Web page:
Facing up to the unknown

Facing up to the unknown - PCA Consultative Broker

Here we invite you to read the full version of the interview to Giovanni Roncaglia, our Global Business Manager, on Commercial Risk’s “Risk Frontiers Europe” report which features insights from Brokerslink’s many European Brokers, Partners & Affiliates.

Giovanni Roncaglia, global business manager at PCA Spa, a Brokerslink affiliate in Italy, spoke to Liz Booth about the challenges presented by Covid-19, particularly its impact on supply chains, and the knock-on effects for the risk and insurance industry.

“According to virologist Dennis Carroll, despite the world’s most industrialised countries having the resources and knowledge to face the new epidemic, they have suffered ‘an attention deficit disorder on a global scale’…”

A few years ago, I bought the book Spillover. After reading it, I was convinced that new pandemics would be inevitable, but I was also confident in our world’s prompt response to such an event; unfortunately I have had to change my mind,” Giovanni Roncaglia, global business manager at PCA Spa, a Brokerslink affiliate in Italy, told Commercial Risk Europe.

He warned that the way in which we actually approach risk often doesn’t coincide with the measures we should adopt, given the theories on risk and probability. “The aversion to ambiguity tells us that we prefer to take risks concerning familiar contexts rather than others based on unknown information,” he added. And Mr. Roncaglia said risk managers should be aware that the urge to invest in preparation is dramatically reduced when the threat is unclear and not present.

“According to virologist Dennis Carroll, despite the world’s most industrialised countries having the resources and knowledge to face the new epidemic, they have suffered ‘an attention deficit disorder on a global scale’,” he added.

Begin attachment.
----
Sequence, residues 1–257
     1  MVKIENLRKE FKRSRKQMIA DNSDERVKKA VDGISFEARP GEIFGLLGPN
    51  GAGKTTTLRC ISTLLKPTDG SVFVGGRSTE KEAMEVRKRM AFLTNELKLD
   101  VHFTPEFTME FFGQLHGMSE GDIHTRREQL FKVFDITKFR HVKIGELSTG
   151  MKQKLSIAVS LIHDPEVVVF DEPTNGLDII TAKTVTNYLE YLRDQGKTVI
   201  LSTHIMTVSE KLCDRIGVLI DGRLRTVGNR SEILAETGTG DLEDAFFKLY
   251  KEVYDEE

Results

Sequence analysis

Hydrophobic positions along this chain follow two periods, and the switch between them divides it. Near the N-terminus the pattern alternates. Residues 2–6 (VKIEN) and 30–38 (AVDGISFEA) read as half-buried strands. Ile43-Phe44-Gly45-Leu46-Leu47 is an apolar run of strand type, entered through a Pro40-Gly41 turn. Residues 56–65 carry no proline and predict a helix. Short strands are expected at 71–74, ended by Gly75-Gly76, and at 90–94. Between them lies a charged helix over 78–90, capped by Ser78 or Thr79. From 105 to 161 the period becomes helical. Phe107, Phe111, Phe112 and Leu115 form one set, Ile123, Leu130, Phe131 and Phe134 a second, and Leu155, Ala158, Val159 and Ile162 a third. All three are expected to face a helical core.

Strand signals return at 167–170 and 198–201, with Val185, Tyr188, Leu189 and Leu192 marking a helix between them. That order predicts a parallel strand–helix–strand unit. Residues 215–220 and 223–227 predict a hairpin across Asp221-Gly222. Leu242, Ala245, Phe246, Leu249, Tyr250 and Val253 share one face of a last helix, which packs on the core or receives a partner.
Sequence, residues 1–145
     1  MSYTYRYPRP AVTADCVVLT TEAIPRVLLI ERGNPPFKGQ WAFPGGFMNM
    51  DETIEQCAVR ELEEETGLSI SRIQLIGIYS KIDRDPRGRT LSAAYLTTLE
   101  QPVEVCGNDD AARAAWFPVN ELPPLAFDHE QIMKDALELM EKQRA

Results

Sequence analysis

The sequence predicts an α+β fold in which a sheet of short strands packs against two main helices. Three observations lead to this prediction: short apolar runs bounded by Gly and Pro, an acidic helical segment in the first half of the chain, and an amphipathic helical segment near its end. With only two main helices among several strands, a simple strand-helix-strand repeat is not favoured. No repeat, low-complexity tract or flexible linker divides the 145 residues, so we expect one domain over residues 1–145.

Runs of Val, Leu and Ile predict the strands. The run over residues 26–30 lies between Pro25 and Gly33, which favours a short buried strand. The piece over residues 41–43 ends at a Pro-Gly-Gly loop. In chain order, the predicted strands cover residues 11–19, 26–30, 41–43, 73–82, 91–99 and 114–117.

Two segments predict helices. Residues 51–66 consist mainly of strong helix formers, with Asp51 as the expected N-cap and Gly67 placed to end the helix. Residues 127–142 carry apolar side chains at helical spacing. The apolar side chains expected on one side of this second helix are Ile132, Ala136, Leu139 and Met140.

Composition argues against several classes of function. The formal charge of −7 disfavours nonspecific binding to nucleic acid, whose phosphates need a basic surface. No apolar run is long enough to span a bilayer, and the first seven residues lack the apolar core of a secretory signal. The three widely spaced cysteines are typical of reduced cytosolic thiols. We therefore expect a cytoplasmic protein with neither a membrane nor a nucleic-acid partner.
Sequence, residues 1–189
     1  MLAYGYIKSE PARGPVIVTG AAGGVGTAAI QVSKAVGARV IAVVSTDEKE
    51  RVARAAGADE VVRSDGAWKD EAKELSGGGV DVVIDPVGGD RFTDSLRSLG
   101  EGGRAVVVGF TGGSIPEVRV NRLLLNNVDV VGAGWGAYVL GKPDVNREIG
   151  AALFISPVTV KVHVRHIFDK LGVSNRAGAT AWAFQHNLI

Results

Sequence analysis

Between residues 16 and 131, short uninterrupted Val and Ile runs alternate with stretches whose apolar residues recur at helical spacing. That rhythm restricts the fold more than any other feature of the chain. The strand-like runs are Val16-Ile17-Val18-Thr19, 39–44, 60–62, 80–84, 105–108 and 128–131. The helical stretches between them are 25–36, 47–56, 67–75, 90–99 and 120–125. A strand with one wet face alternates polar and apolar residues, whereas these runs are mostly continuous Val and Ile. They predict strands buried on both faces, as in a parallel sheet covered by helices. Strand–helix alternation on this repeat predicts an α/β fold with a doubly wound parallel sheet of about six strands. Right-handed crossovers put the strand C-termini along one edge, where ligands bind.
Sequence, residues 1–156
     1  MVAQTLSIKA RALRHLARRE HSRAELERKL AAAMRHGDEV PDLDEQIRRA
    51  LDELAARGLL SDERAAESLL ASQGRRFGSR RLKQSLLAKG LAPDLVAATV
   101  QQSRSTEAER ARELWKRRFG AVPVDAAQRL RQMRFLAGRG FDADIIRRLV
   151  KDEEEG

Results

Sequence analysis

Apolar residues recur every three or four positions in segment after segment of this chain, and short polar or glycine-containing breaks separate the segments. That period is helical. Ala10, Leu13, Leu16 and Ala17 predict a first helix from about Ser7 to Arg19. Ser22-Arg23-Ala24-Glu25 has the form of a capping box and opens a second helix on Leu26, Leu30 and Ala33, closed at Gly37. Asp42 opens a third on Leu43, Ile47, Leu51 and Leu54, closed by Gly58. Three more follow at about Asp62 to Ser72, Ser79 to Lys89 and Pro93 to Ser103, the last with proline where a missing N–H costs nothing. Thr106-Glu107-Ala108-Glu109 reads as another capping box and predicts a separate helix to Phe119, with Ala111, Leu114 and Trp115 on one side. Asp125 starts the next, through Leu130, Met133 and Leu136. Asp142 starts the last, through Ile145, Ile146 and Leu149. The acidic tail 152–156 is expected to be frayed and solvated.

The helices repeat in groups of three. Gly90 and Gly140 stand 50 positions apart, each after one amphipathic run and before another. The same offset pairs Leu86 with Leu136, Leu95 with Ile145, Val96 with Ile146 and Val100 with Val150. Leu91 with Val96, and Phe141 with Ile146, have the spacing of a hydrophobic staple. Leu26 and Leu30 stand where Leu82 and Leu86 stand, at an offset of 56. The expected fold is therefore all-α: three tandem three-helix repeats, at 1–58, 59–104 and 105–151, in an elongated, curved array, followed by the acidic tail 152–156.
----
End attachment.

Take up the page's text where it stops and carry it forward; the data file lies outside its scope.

But he said the insurance world has responded to the Covid-19 crisis relatively quickly. For example, Lloyd’s recently published some suggestions to help the insurance sector accelerate global economic and social recovery.

The Lloyd’s report – Supporting global recovery and resilience for customers and economies: the insurance response to Covid-19 – seeks to address the short-, medium- and long-term challenges that customers will face from the pandemic.

“Proposals include precautionary measures for potential new waves of Covid-19, building greater resilience that contemplates global supply chains, digital economies and precautions to mitigate upcoming catastrophes. To address the many complex challenges that lie ahead, the report defines three open-source frameworks, two of which require partnerships between state government and insurers/reinsurers. Two frameworks (ReStart and Recover Re) are designed to provide protection against further waves of Covid-19 or other future pandemics. The third one (Black Swan Re) aims at improving the company’s resilience against future systemic catastrophic events,” explained Mr. Roncaglia.


He believes the pandemic has highlighted many problems in supply chains. Companies that use supply chain risk management plans have had less repercussions and more controllable results, he added.